In the mid-2000s the hired assassins began to organize their own gangs. Where the older cartels were primarily interested in the business of selling drugs, these new criminal organizations spread out into robbery, kidnapping, extortion, and intimidation by murder. Victims were no longer rival gang members or bystanders injured by accident. They were farmers, businesspeople, and their customers and employees. They were politicians and policemen who wouldn't be bought. They were journalists who dared to report on narco infiltration of government at every level.

Mexico is not yet a failed state; parts of the country
remain reasonably safe. But the mayhem is spreading and the government has been unable to stop it. Many in the police, the judiciary and even the military are intimidated, inadequately trained, and/or corrupt. The influence of drug money within all three major political parties is now taken for granted.

In some areas, whole cities and towns are under the de facto control of criminal organizations. In the last month there have been pitched gun battles in the state of Michoacán among drug traffickers, mafia-style gangs, the military, and civilian vigilante groups -- some of whom themselves may be allied with various criminal factions. "It is," wrote a Mexican columnist, "the worst kind of civil war."

The U.S. government has steadily drawn itself into the conflict, supplying the Mexican military with training, intelligence and equipment -- some of which inevitably finds its way into the narcos' hands. At least two American government agents have been murdered, and in one case a Mexican judge released the convicted killer from prison on a technicality. In January, a major Mexican newspaper published evidence that for the last decade, the U.S. Drug Enforcement Administration has been protecting the largest Mexican drug cartel in exchange for information on its competitors.

Meanwhile, the U.S. crackdown on illegal immigration -- border fences, mass deportations -- has left the Mexican elite without the safety valve of exporting the country's unemployment. This is swelling the population of ambitious, unemployed and disaffected young people, who in turn are potential recruits for the gangs.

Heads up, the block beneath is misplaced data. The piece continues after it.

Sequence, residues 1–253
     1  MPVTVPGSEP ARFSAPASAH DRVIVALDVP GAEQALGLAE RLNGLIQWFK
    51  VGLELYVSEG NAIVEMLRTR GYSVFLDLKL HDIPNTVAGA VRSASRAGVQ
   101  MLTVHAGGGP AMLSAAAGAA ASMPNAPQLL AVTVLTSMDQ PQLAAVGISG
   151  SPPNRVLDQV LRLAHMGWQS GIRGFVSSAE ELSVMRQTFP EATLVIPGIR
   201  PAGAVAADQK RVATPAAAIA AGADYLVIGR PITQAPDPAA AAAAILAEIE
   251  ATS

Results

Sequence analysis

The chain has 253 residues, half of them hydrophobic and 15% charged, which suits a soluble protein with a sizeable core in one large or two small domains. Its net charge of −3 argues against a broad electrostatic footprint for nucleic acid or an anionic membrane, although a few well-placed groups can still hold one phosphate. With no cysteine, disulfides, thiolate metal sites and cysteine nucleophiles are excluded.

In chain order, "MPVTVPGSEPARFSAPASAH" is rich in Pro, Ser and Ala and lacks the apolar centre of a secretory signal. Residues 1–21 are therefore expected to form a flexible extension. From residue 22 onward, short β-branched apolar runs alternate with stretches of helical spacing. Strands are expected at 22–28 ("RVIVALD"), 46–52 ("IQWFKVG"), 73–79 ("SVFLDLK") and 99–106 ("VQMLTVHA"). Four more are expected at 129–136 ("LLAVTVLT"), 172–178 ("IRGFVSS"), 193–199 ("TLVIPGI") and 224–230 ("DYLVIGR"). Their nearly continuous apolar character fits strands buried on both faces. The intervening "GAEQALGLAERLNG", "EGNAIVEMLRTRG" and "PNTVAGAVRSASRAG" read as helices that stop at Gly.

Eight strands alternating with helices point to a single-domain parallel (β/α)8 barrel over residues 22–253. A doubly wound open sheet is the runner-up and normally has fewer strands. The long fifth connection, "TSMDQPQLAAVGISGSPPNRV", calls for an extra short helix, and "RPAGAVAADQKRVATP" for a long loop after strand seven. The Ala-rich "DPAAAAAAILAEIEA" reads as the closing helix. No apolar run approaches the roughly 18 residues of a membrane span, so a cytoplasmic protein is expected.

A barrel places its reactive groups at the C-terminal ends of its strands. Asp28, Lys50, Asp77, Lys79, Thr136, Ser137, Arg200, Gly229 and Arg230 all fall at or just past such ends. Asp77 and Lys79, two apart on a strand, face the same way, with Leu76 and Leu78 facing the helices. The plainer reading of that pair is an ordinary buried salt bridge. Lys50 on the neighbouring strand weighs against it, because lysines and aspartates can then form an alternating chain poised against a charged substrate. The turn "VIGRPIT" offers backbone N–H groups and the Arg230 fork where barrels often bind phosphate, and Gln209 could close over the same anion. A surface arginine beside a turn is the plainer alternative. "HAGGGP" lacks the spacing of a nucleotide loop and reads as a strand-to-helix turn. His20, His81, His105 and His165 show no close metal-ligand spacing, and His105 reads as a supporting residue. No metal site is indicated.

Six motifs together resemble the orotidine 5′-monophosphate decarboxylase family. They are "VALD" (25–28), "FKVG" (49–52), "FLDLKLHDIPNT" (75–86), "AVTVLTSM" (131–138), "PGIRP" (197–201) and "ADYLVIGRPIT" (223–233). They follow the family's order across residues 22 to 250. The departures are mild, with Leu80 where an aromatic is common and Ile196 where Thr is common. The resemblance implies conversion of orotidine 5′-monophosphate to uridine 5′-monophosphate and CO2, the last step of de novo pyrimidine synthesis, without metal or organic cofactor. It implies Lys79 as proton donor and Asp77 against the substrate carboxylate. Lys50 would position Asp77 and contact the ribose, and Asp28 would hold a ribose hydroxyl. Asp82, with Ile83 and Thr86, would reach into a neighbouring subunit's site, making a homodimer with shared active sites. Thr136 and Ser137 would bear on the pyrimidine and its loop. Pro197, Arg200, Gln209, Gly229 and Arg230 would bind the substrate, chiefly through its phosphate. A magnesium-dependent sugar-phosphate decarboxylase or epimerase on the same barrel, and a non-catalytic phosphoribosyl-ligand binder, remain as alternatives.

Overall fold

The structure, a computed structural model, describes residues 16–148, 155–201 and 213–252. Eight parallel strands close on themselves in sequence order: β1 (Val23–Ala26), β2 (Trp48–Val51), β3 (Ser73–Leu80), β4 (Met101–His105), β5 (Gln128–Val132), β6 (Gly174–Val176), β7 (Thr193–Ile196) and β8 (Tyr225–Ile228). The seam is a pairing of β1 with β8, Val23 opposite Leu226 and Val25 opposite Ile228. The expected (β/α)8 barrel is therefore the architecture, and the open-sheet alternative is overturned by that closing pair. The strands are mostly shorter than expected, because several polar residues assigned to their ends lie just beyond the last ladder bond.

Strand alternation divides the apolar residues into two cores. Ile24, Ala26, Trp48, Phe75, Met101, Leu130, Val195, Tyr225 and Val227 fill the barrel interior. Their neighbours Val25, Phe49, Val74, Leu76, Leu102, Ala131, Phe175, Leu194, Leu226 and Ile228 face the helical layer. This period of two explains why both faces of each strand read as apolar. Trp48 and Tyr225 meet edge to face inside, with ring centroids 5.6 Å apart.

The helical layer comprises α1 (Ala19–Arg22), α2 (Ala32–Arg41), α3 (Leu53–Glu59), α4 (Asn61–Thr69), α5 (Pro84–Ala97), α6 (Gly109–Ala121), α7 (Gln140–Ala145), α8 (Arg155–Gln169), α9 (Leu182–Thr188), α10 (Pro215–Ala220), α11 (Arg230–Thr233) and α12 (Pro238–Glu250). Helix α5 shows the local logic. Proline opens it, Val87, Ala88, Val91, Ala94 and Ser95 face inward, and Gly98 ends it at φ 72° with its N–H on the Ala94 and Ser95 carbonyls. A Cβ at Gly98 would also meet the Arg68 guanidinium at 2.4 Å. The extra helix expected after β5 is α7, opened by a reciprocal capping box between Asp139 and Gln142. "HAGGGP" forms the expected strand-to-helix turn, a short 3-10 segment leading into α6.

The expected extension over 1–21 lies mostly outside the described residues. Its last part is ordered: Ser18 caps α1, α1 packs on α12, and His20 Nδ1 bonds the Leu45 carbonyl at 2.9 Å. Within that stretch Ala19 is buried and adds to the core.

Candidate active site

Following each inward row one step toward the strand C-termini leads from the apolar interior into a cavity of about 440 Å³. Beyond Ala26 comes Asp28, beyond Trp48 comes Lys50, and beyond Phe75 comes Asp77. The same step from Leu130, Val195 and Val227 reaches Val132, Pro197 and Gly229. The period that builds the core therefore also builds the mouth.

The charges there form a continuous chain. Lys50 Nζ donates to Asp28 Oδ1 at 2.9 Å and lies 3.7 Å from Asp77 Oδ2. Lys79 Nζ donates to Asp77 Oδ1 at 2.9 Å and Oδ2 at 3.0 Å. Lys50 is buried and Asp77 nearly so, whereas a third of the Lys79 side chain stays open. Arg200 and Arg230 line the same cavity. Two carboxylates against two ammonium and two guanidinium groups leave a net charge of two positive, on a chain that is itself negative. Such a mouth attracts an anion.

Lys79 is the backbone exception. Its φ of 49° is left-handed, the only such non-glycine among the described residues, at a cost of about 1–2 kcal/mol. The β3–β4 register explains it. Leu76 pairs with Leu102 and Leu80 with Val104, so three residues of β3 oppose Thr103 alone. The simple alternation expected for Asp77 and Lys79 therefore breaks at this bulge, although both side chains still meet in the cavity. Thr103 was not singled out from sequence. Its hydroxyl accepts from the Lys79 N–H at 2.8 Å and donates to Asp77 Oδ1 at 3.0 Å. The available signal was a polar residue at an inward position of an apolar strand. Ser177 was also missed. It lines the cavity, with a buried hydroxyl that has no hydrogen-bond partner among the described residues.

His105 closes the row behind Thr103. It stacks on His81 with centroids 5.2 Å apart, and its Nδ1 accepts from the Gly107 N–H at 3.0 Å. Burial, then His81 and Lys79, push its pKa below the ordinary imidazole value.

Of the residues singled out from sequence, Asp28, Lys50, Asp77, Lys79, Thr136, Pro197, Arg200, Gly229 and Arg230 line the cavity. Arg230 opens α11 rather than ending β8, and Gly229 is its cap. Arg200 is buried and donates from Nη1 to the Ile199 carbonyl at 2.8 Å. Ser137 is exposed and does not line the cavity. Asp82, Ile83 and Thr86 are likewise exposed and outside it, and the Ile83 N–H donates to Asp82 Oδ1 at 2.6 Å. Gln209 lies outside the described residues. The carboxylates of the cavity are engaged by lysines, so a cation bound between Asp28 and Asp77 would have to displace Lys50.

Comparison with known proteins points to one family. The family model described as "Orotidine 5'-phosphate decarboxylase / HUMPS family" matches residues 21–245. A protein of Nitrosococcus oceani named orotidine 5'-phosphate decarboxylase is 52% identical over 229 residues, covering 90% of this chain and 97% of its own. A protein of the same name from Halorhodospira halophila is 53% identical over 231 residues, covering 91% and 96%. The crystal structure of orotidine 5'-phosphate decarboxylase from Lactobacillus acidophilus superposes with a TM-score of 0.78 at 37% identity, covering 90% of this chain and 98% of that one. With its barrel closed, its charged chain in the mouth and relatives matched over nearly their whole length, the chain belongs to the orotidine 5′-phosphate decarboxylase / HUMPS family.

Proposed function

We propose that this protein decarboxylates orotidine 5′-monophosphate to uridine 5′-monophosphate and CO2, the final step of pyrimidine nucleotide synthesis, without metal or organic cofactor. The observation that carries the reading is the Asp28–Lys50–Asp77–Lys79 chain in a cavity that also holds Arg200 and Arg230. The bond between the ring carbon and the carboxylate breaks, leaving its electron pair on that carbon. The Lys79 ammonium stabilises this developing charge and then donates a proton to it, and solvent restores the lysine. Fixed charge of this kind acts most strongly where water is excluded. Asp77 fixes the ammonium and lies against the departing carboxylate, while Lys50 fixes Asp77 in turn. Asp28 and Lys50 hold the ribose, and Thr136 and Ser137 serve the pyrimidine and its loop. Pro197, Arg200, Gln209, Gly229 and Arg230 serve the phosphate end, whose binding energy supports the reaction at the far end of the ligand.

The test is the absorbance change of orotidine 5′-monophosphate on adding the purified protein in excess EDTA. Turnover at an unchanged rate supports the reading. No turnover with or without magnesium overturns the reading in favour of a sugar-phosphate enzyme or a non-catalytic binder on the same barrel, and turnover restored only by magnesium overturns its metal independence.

Given the 2000-mile frontier with Mexico it was only a matter of time before the Mexican cartels expanded their retail reach into the U.S. In 2009 the U.S. Justice Department estimated that the cartels had infiltrated some 200 American cities. As one DEA official in Chicago told the Washington Post, "We have to operate now as if we're on the Mexican border."

But do not expect any of this to be discussed publicly at next week's gathering of continental leaders. Acknowledging the connection between NAFTA and the narco wars would make it harder for Barack Obama and the corporate lobbyists to promote new trade agreements like the proposed Trans Pacific Partnership that would expand NAFTA to another nine countries around the Pacific Rim.

The president will, of course, be well protected when he goes to Mexico. For others, safety is more problematic. In early January, the State Department issued a travel warning that 15 of the country's 31 states are too dangerous for ordinary Americans to visit.